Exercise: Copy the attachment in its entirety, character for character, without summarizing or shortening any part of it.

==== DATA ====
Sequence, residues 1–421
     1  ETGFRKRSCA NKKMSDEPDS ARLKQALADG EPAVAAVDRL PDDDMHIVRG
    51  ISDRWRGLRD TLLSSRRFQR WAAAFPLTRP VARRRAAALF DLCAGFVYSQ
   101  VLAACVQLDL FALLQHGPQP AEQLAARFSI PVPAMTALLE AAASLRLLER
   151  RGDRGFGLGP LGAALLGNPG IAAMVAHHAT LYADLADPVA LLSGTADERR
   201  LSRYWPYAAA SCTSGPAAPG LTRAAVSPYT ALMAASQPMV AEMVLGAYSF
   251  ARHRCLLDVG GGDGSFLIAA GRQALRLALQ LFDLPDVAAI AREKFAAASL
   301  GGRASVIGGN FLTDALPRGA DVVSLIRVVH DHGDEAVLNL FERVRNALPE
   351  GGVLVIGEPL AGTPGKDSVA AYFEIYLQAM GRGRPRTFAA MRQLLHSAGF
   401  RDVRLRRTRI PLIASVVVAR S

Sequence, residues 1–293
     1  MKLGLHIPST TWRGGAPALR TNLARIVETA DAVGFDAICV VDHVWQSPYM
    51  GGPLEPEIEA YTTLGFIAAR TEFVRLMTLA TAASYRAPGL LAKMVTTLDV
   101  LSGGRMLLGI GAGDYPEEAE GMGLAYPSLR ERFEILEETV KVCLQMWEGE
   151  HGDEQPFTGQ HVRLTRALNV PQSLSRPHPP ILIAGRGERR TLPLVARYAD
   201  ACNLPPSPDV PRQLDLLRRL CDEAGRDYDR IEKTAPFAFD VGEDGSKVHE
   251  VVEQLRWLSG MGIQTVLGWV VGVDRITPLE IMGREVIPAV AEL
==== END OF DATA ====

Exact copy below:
Sequence, residues 1–421
     1  ETGFRKRSCA NKKMSDEPDS ARLKQALADG EPAVAAVDRL PDDDMHIVRG
    51  ISDRWRGLRD TLLSSRRFQR WAAAFPLTRP VARRRAAALF DLCAGFVYSQ
   101  VLAACVQLDL FALLQHGPQP AEQLAARFSI PVPAMTALLE AAASLRLLER
   151  RGDRGFGLGP LGAALLGNPG IAAMVAHHAT LYADLADPVA LLSGTADERR
   201  LSRYWPYAAA SCTSGPAAPG LTRAAVSPYT ALMAASQPMV AEMVLGAYSF
   251  ARHRCLLDVG GGDGSFLIAA GRQALRLALQ LFDLPDVAAI AREKFAAASL
   301  GGRASVIGGN FLTDALPRGA DVVSLIRVVH DHGDEAVLNL FERVRNALPE
   351  GGVLVIGEPL AGTPGKDSVA AYFEIYLQAM GRGRPRTFAA MRQLLHSAGF
   401  RDVRLRRTRI PLIASVVVAR S

Sequence, residues 1–293
     1  MKLGLHIPST TWRGGAPALR TNLARIVETA DAVGFDAICV VDHVWQSPYM
    51  GGPLEPEIEA YTTLGFIAAR TEFVRLMTLA TAASYRAPGL LAKMVTTLDV
   101  LSGGRMLLGI GAGDYPEEAE GMGLAYPSLR ERFEILEETV KVCLQMWEGE
   151  HGDEQPFTGQ HVRLTRALNV PQSLSRPHPP ILIAGRGERR TLPLVARYAD
   201  ACNLPPSPDV PRQLDLLRRL CDEAGRDYDR IEKTAPFAFD VGEDGSKVHE
   251  VVEQLRWLSG MGIQTVLGWV VGVDRITPLE IMGREVIPAV AEL